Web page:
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Decision Theoretic Bootstrapping

Tavallali, Peyman and Hamze Bajgiran, Hamed and Esaid, Danial J. and Owhadi, Houman (2021) Decision Theoretic Bootstrapping. . (Submitted)

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The design and testing of supervised machine learning models combine two fundamental distributions: (1) the training data distribution (2) the testing data distribution. Although these two distributions are identical and identifiable when the data set is infinite; they are imperfectly known (and possibly distinct) when the data is finite (and possibly corrupted) and this uncertainty must be taken into account for robust Uncertainty Quantification (UQ). We present a general decision-theoretic bootstrapping solution to this problem: (1) partition the available data into a training subset and a UQ subset (2) take m subsampled subsets of the training set and train m models (3) partition the UQ set into n sorted subsets and take a random fraction of them to define n corresponding empirical distributions μ_j (4) consider the adversarial game where Player I selects a model i∈{1,…,m}, Player II selects the UQ distribution μ_j and Player I receives a loss defined by evaluating the model i against data points sampled from μ_j (5) identify optimal mixed strategies (probability distributions over models and UQ distributions) for both players. These randomized optimal mixed strategies provide optimal model mixtures and UQ estimates given the adversarial uncertainty of the training and testing distributions represented by the game. The proposed approach provides (1) some degree of robustness to distributional shift in both the distribution of training data and that of the testing data (2) conditional probability distributions on the output space forming aleatory representations of the uncertainty on the output as a function of the input variable.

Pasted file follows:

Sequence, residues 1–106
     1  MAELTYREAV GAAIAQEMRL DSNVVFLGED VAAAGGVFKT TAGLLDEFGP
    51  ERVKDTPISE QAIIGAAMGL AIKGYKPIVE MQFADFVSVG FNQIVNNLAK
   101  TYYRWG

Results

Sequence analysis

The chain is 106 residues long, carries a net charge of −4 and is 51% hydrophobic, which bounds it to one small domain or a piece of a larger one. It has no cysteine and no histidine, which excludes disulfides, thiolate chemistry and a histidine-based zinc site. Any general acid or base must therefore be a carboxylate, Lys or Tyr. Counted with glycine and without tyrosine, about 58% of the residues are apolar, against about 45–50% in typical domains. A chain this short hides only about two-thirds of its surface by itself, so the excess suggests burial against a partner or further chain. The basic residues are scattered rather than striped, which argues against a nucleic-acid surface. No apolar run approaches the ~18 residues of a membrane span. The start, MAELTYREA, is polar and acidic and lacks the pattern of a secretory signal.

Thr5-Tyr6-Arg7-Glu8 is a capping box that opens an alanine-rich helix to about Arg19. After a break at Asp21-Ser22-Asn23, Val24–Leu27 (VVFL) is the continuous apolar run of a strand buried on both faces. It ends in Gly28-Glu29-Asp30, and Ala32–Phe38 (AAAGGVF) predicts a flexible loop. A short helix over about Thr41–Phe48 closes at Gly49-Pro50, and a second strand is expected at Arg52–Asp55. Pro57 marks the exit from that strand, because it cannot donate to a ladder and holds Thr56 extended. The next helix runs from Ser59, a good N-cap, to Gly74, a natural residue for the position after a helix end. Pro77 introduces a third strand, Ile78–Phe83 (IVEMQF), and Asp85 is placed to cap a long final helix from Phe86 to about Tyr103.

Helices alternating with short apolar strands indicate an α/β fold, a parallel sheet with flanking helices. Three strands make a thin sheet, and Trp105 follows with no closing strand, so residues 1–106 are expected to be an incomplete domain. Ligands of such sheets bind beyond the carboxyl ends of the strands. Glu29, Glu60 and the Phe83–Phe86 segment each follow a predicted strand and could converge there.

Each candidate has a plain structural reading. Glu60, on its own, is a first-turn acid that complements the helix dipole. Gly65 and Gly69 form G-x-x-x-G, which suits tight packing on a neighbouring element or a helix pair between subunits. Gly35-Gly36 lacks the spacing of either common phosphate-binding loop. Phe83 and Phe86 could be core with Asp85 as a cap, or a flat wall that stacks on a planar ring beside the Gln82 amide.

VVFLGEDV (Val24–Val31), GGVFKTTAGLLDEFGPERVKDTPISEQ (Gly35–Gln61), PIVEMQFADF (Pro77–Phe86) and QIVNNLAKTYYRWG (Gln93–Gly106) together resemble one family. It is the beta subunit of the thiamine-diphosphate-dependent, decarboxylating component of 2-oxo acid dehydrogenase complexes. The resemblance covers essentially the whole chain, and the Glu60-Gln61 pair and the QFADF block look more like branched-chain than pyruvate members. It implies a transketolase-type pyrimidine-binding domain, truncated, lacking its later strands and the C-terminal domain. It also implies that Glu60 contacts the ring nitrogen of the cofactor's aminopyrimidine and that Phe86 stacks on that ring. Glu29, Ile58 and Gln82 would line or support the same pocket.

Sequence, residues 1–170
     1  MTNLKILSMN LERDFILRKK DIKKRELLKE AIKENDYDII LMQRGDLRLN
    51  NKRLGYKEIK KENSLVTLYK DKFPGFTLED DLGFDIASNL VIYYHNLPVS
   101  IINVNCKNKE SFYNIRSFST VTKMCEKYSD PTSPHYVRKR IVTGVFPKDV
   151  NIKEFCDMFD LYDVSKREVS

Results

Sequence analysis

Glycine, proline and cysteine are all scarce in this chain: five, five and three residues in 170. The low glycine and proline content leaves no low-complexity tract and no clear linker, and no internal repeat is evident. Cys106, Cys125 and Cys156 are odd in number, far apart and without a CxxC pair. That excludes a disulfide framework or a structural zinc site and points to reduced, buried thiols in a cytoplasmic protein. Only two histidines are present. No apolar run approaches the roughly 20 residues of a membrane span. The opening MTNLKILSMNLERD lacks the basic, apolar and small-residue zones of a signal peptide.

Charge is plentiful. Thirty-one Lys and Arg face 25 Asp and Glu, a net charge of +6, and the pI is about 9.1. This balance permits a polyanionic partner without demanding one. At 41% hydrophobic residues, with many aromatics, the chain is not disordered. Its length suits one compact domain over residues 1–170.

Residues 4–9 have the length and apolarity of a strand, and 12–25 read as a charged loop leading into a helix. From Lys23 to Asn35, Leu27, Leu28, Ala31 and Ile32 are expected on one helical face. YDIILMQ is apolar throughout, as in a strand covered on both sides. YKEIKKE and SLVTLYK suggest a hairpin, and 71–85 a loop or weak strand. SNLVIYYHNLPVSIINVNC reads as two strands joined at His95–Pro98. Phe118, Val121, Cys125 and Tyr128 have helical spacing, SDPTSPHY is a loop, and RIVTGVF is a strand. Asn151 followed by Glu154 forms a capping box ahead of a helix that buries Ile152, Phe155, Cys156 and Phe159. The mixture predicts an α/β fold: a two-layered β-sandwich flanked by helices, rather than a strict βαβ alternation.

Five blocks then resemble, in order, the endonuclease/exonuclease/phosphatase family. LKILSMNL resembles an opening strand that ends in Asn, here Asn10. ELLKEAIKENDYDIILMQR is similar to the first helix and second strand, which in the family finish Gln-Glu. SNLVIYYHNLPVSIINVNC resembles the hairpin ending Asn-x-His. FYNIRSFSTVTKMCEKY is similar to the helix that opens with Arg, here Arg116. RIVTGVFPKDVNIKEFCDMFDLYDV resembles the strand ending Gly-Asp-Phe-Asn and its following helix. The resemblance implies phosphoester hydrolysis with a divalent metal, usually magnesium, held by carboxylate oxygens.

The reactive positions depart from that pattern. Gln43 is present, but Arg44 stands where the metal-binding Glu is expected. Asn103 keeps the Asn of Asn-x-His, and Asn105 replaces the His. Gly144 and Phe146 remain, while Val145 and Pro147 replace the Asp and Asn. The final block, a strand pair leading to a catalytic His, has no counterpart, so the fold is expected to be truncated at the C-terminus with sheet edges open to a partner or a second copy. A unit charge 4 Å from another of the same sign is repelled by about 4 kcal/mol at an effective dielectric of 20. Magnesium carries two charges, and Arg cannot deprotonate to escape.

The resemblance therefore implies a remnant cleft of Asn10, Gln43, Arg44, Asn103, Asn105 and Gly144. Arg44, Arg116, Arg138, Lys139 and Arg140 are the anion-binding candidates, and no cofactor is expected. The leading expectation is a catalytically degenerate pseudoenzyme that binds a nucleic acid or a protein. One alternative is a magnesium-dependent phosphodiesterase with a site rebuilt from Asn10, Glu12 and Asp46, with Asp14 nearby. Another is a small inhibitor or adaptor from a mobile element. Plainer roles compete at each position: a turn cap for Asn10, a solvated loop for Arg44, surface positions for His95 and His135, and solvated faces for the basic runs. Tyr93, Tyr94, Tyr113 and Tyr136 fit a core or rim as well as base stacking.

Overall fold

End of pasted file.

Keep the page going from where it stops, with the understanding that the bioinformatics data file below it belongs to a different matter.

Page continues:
Item Type:Report or Paper (Discussion Paper)
Related URLs:
URLURL TypeDescription Paper
Tavallali, Peyman0000-0001-7166-5489
Owhadi, Houman0000-0002-5677-1600
Additional Information:Attribution 4.0 International (CC BY 4.0). © 2021. California Institute of Technology. Government sponsorship acknowledged. This research was carried out at the Jet Propulsion Laboratory, California Institute of Technology, under a contract with the National Aeronautics and Space Administration and support from Beyond Limits (Learning Optimal Models) and AFOSR (Grant number FA9550-18-1-0271, Games for Computation and Learning). The authors are thankful to Amy Braverman, Lukas Mandrake and Kiri Wagstaff, for their insights.
Funding AgencyGrant Number
Air Force Office of Scientific Research (AFOSR)FA9550-18-1-0271
Record Number:CaltechAUTHORS:20210323-130821498
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Usage Policy:No commercial reproduction, distribution, display or performance rights in this work are provided.
ID Code:108529
Deposited By: Tony Diaz
Deposited On:23 Mar 2021 23:28
Last Modified:24 May 2022 19:08

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